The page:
Watch out LA: Feds calculate riskiest, safest places in US
Spending her life in Los Angeles, Morgan Andersen knows natural disasters all too well. In college, an earthquake shook her home hard. Her grandfather was affected by recent wildfires in neighboring Orange County.
“It’s just that constant reminder, ‘Oh yeah, we live somewhere where there’s natural disasters and they can strike at any time,’” said the 29-year-old marketing executive.
The Federal Emergency Management Agency has calculated the risk for every county in America for 18 types of natural disasters, such as earthquakes, hurricanes, tornadoes, floods, volcanoes and even tsunamis. And of the more than 3,000 counties, Los Angeles County has the highest ranking in the National Risk Index.
The way FEMA calculates the index spotlights places long known as danger spots, like Los Angeles, but some other places highlighted run counter to what most people would think. For instance, eastern cities such as New York and Philadelphia rank far higher on the risk for tornadoes than tornado alley stalwarts Oklahoma and Kansas.
And the county with the biggest coastal flood risk is one in Washington state that’s not on the ocean, although its river is tidal.
Those seeming oddities occur because FEMA’s index scores how often disasters strike, how many people and how much property are in harm’s way, how vulnerable the population is socially and how well the area is able to bounce back. And that results in a high risk assessment for big cities with lots of poor people and expensive property that are ill-prepared to be hit by once-in-a-generation disasters.
While the rankings may seem “counterintuitive,” the degree of risk isn’t just how often a type of natural disaster strikes a place, but how bad the toll would be, according to FEMA’s Mike Grimm.
Take tornadoes. Two New York City counties, Philadelphia, St. Louis and Hudson County, New Jersey, are FEMA’s top five riskiest counties for tornadoes. Oklahoma County, Oklahoma — with more than 120 tornadoes since 1950, including one that killed 36 people in 1999 — ranks 120th.
“They (the top five) are a low frequency, potentially high-consequence event because there’s a lot of property exposure in that area,” said University of South Carolina Hazards & Vulnerability Research Institute Director Susan Cutter, whose work much of the FEMA calculations are based on. “Therefore, a small tornado can create a large dollar loss.”
In New York, people are far less aware of the risk and less prepared — and that’s a problem, Grimm said. The day before he said that, New York had a tornado watch. Days later, the National Weather Service tweeted that in 2020 several cities, mostly along the East Coast, had more tornadoes than Wichita, Kansas.
In general, Oklahoma is twice as likely to get tornadoes as New York City, but the damage potential is much higher in New York because there are 20 times the people and nearly 20 times the property value at risk, FEMA officials said.
“It’s that risk perception that it won’t happen to me,” Grimm said. “Just because I haven’t seen it in my lifetime doesn’t mean it won’t happen.”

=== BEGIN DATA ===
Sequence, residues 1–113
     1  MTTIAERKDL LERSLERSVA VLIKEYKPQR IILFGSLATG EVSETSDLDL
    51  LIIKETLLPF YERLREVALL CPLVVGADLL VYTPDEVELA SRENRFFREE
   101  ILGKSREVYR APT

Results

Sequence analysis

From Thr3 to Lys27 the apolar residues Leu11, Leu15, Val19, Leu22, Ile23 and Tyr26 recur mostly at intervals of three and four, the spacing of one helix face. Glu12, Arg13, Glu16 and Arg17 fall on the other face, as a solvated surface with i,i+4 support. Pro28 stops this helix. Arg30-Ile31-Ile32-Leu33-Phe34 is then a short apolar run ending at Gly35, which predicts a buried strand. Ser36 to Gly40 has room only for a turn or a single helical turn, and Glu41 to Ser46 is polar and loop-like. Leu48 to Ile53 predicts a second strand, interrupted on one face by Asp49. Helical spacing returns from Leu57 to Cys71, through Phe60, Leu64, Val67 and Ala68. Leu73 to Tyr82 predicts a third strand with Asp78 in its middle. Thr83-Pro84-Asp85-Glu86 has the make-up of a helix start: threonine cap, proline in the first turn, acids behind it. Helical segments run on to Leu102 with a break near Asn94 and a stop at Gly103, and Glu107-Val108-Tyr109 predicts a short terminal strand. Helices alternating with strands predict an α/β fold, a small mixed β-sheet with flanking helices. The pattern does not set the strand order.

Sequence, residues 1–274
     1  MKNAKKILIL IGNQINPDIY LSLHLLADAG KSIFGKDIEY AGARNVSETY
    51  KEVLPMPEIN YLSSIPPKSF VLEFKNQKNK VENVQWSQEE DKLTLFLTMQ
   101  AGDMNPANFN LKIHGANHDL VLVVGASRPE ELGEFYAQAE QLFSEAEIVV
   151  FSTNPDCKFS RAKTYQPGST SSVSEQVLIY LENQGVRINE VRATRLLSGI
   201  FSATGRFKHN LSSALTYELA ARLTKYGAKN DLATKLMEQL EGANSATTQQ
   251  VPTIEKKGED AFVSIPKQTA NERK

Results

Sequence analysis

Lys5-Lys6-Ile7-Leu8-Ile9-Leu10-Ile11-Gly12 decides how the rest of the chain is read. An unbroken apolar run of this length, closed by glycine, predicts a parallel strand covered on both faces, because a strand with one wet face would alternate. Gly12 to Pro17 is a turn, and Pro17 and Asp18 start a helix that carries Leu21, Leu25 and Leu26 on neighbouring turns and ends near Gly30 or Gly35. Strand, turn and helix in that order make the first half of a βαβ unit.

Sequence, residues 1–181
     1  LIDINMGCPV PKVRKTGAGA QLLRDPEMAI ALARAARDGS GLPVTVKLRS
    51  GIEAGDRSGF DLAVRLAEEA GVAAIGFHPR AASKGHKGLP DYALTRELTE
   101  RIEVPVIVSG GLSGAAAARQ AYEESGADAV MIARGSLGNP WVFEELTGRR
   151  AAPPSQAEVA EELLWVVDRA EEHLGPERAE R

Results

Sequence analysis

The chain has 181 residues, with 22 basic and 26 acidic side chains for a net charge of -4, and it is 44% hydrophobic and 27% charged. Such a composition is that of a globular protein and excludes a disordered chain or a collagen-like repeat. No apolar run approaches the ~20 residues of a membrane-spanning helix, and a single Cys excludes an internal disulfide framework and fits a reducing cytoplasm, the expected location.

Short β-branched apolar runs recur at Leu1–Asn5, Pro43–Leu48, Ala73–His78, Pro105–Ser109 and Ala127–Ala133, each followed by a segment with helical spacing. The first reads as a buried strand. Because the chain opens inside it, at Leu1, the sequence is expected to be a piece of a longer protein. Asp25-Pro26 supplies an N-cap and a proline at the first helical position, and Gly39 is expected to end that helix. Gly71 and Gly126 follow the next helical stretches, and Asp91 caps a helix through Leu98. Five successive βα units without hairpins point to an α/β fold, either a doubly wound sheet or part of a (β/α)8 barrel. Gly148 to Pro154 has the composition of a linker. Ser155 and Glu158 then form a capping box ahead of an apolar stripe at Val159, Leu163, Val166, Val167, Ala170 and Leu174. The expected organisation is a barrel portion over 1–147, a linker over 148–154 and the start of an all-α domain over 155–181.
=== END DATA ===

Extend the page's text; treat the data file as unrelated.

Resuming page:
That sort of denial is especially true with frequent and costly flooding, he said, and is the reason only 4% of the population has federal flood insurance when about one-third may need it.
Disaster experts say people have to think about the big disaster that happens only a few times a lifetime at most, but is devastating when it hits — Hurricane Katrina, Superstorm Sandy, the 2011 super outbreak of tornadoes, the 1906 San Francisco earthquake or a pandemic.
“We’re bad at taking seriously risks that happen only infrequently,” said David Ropeik, a retired Harvard risk communications lecturer and author of “How Risky Is It, Really?” “We simply don’t fear them as much as we fear things that are more present in our consciousness, more common. That’s practically disastrous with natural disasters.”
Something like FEMA’s new index “opens our eyes to the gaps between what we feel and what is,” Ropeik said.
FEMA’s top 10 riskiest places, in addition to Los Angeles, are three counties in the New York City area — Bronx, New York County (Manhattan) and Kings County (Brooklyn) — along with Miami, Philadelphia, Dallas, St. Louis and Riverside and San Bernardino counties in California.
By the same measurement, Loudoun County, a Washington, D.C. outer suburb, has the lowest risk of any county, according to FEMA. Three other Washington suburban counties rank among the lowest risks for larger counties, along with suburban Boston, Long Island, suburban Detroit and Pittsburgh.
Some of FEMA’s risk rankings by disaster type seem obvious. Miami has the highest risk for hurricanes, lightning, and river flooding. Hawaii County is tops in volcano risk and Honolulu County for tsunamis, Dallas for hail, Philadelphia for heat waves and California’s Riverside County for wildfires.
Outside risk expert Himanshu Grover at the University of Washington called FEMA’s effort “a good tool, a good start,” but one with flaws, such as final scores that seem to downplay disaster frequency.
Risks are changing because of climate change and this index doesn’t seem to address that, Ropeik said. FEMA officials said climate change shows up in flooding calculations and will probably be incorporated in future updates.
This new tool, based on calculations by 80 experts over six years, is about “educating homeowners and renters and communities to be more resilient,” FEMA’s Grimm said, adding that people shouldn’t move into or out of a county because of the risk rating.
Follow Seth Borenstein on Twitter: @borenbears
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